Each Wednesday I'm happy to link to Alyson Beecher's Non-Fiction Picture Book Challenge at her blog, Kidlit Frenzy, but I haven't posted for several weeks. That doesn't mean I've read many. It's the ending time of school (I know you know.) and I am scrambling to finish the evaluations. I love finding good non-fiction picture books available about varied topics, for all ages, too. I own quite a few books, but I also have an amazing library that nearly always has the books I request. Here are three books with stories and illustrations that just might become favorites. I found the titles from the blogs I read, so to some of you, these will not be new. For others, hope you'll find them.
Steve Jenkins and Robin Page have written another beautiful book that teaches. In egg, I learned many things about eggs, and especially loved that the information showed size in relationship to something familiar, and sometimes real sizes! The book is divided as you might guess, who lays them, where, how are they protected, and what happens at birth? There is a little additional information in the back matter. For those studying eggs, or the intricacies of animal behavior, this is a wonderful book. It is limited in information. Sometimes I had more questions. But that's good. It's a great book to start a child's interest in more than eggs. The animals fascinate too! The illustrations are marvelous Jenkins collages.
I've seen this emu book by Claire Saxby reviewed and loved more than once, and the reviewers are right; it is wonderful. Just look at that face! The unique qualities of emus is that they only live in Australia, the male is the one who stays until the eggs hatch (like that sweet father penguin), and they lay eggs with shadowy stripes for camouflage in the grasses. The text is designed so that the "story" is told in one font, and the background facts are in another. I love the page (all the illustrations are full page spreads by Graham Byrne and gorgeous) where the about-to-hatch chick cheeps. The explanation says it's to help wake up the others so they can all emerge within a few days of each other. One cannot help look and look at the pictures and enjoy the story of these big birds. The book is newly released from Australia.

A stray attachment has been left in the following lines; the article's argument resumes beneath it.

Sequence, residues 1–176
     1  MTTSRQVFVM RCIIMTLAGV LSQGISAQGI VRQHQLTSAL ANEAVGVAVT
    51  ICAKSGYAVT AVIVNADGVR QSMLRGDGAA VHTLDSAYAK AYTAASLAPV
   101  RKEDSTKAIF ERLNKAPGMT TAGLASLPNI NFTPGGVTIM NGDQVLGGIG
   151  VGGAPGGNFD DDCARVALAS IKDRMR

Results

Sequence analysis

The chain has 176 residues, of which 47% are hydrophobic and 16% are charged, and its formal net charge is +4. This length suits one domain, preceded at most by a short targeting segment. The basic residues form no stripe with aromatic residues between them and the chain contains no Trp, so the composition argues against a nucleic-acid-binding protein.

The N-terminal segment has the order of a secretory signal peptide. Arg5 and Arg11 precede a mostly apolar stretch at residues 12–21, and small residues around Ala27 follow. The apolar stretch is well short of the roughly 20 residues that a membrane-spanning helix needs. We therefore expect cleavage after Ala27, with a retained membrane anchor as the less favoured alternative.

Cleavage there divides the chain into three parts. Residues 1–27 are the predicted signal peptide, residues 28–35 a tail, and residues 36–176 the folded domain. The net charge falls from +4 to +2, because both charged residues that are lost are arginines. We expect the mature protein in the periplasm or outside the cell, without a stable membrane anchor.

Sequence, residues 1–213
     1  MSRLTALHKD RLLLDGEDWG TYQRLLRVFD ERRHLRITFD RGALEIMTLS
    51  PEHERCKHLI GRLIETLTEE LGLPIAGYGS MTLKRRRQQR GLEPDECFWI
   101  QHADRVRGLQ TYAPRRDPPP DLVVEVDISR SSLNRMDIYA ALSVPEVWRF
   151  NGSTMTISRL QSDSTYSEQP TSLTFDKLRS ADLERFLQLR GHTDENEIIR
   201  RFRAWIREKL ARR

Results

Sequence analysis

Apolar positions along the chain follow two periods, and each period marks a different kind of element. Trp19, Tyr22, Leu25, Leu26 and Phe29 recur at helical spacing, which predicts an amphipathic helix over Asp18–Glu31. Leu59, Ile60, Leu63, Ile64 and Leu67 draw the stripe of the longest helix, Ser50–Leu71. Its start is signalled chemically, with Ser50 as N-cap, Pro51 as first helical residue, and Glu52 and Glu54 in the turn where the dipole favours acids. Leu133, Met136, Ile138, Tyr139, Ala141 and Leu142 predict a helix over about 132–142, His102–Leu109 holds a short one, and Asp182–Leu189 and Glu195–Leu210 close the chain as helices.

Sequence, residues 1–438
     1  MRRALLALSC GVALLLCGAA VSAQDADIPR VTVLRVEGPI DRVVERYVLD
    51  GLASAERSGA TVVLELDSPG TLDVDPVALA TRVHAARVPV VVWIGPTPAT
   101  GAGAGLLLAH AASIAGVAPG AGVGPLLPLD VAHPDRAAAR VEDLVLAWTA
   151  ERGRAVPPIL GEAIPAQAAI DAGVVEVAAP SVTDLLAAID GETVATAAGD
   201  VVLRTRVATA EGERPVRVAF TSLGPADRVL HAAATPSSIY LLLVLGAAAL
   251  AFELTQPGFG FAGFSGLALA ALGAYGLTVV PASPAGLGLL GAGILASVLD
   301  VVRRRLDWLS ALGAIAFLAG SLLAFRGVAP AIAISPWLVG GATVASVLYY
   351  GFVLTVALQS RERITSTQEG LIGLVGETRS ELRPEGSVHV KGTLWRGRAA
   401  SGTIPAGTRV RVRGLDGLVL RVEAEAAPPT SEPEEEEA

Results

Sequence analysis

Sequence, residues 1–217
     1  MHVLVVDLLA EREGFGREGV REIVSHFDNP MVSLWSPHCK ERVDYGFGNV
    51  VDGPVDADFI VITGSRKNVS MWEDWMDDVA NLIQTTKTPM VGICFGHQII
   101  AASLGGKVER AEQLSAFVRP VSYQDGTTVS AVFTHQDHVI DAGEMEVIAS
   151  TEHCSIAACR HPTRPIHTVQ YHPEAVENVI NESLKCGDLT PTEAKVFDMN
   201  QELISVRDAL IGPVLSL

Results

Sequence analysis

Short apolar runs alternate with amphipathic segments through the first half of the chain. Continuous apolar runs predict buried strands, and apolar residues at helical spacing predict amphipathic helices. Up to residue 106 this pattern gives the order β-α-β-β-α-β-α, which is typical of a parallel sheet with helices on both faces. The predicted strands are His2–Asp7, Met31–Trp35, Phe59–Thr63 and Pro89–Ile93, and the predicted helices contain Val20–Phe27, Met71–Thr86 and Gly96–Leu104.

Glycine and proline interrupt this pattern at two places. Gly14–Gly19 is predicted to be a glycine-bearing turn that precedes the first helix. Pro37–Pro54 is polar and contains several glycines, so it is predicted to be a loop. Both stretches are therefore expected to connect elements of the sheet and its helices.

This is another book I can't wait to read to my granddaughters. Since we read so many books, I think they will adore it, and love looking at all the happy detail of children learning how to read a story, with Mark Siegel's thought clouds floating all around the page. Books are spread on the floor as the little boy looks for just the right book. Kate Messner's definite directions are exactly right: "Couches are cozy. So are chairs big enough for two. Just be careful not to get stuck." There are more directions and a lovely surprise at the end.